In his closing arguments in the Court of Queen's Bench, Gilles Lemieux asked the jury why Bonnell would have led police to where 16-year-old Hilary Bonnell was buried if he killed her.
"If Curtis Bonnell had committed murder and tried to cover it up, why would he tell where the body was and ask for help to determine what happened?" he said.
Lemieux also dismissed a confession that his client made to police on Dec. 2, 2009, saying his client was telling police what they wanted to hear.
"The essence of the confession comes from the mouth of the police," he said.
Bonnell, 32, who has pleaded not guilty to first-degree murder, told his trial in Miramichi that the confession is false.
Bonnell testified that he woke up from a night of drinking and drugs on Sept. 5, 2009, to find his cousin dead next to him in his pickup truck, but he doesn't know how she died.
He said he panicked and buried her body in a remote wooded area in Tabusintac.
Crown attorney Bill Richards bluntly dismissed Bonnell's testimony.
"The Crown absolutely rejects the testimony of the accused," he said.
"I suggest it is preposterous."
He reminded the jury of a videotape confession they were shown where Bonnell tells police he sexually assaulted and killed his cousin.
On the video, Richards said, Bonnell tells police that at one point they fought and he hit Hilary across the face. Bonnell also says he sat on her and put his hand over her mouth.
Richards told the jury that a cut above Hilary's eye is consistent with that story.
But Richards said he believes the girl was knocked unconscious after she was struck and was driven to the woods, where she was killed.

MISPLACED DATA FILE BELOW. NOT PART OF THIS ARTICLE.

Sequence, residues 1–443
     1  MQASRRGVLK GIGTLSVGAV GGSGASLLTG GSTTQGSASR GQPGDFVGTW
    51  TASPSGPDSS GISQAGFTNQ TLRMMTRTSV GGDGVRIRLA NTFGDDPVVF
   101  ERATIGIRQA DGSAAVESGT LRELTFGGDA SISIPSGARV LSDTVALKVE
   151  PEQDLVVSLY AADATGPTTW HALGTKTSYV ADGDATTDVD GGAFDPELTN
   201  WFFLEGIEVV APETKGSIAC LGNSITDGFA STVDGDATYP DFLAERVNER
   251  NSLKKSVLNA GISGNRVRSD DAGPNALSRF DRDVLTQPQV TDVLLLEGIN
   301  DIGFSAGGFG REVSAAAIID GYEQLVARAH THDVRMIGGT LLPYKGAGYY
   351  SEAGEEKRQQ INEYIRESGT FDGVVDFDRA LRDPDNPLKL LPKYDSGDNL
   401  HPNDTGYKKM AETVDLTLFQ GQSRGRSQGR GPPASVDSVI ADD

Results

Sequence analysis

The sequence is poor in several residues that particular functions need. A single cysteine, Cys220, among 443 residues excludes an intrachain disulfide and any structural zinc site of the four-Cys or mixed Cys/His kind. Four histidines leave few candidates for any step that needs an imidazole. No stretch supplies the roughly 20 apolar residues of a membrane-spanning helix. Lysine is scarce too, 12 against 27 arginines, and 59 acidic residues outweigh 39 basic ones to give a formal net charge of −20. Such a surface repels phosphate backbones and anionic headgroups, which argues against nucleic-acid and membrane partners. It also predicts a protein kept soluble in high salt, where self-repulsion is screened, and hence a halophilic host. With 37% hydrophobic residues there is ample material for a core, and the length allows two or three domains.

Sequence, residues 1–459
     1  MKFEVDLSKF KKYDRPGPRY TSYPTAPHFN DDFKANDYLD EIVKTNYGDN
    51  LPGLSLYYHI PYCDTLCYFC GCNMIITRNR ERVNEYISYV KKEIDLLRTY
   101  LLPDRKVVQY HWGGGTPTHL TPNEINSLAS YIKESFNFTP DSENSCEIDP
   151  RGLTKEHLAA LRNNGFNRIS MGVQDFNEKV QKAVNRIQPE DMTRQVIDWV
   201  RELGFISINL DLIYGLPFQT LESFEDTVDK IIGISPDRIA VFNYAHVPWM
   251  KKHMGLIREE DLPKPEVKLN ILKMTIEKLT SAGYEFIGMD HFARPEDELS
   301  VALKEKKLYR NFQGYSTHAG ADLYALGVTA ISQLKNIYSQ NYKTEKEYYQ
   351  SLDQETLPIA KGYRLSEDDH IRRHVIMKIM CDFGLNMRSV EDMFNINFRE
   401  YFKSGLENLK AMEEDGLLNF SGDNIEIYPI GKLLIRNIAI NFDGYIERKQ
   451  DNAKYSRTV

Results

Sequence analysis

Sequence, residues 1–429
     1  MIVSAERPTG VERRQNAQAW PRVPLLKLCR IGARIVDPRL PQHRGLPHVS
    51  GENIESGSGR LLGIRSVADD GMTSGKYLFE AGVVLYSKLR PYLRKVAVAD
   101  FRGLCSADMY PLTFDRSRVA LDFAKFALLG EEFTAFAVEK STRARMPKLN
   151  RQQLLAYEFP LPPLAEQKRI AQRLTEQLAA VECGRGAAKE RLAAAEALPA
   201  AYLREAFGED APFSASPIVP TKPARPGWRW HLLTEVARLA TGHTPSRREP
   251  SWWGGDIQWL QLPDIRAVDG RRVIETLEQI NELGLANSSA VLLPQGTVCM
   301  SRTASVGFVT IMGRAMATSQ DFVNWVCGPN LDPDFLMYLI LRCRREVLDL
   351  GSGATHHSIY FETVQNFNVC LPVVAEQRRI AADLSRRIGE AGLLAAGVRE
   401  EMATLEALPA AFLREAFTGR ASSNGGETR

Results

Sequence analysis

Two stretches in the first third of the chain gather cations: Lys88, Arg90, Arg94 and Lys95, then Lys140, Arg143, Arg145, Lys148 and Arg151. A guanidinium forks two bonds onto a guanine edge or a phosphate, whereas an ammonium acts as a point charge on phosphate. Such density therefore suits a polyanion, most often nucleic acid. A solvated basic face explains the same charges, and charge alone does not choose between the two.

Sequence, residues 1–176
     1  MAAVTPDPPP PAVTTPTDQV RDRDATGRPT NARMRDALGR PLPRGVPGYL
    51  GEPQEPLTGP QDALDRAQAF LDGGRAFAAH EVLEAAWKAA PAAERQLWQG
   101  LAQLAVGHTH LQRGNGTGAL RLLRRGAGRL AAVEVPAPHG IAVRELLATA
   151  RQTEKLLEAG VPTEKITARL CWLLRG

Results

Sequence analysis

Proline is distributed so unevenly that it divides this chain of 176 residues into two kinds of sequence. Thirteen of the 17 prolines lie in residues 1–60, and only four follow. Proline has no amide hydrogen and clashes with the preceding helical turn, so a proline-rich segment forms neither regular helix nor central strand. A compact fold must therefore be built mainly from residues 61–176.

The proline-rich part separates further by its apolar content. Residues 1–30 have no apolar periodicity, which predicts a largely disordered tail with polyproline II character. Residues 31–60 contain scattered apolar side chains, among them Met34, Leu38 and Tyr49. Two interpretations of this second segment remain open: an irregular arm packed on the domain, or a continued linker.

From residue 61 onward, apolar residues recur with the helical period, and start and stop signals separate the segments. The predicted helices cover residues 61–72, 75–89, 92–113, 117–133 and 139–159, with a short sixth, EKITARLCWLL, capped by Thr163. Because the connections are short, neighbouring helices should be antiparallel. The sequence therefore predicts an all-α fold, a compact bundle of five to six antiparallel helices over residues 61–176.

That would be consistent, he said, with witnesses who saw both of them early on the morning of Sept. 5, 2009.
Richards said it also fits with the timing of a text messages sent by Hilary where she expressed her fear.
Bonnell was furious after a fight the previous day with his girlfriend, Richards said, and when it came to Hilary "he wasn't going to take 'No' from a 16-year-old."
Both the defence and the Crown finished their closing arguments on Thursday. Judge Fred Ferguson is expected to give his instructions to the jury on Friday.
Lemieux said there is no evidence in the autopsy report to show his client is guilty of murder.
A forensic pathologist who was called as a witness this week by the defence cast doubt on whether the girl was the victim of a homicide.
Dr. David Chiasson of the Hospital for Sick Children in Toronto said there was no trauma on the body and no cause of death identified in the toxicology report.
"I don't think we have enough information to make a homicide determination," he said.
Chiasson said Hilary could have died as a result of "positional asphyxia," which can happen when someone is intoxicated and they get in a slumped position that constricts their airway.
"It is a reasonable consideration in this situation," he said.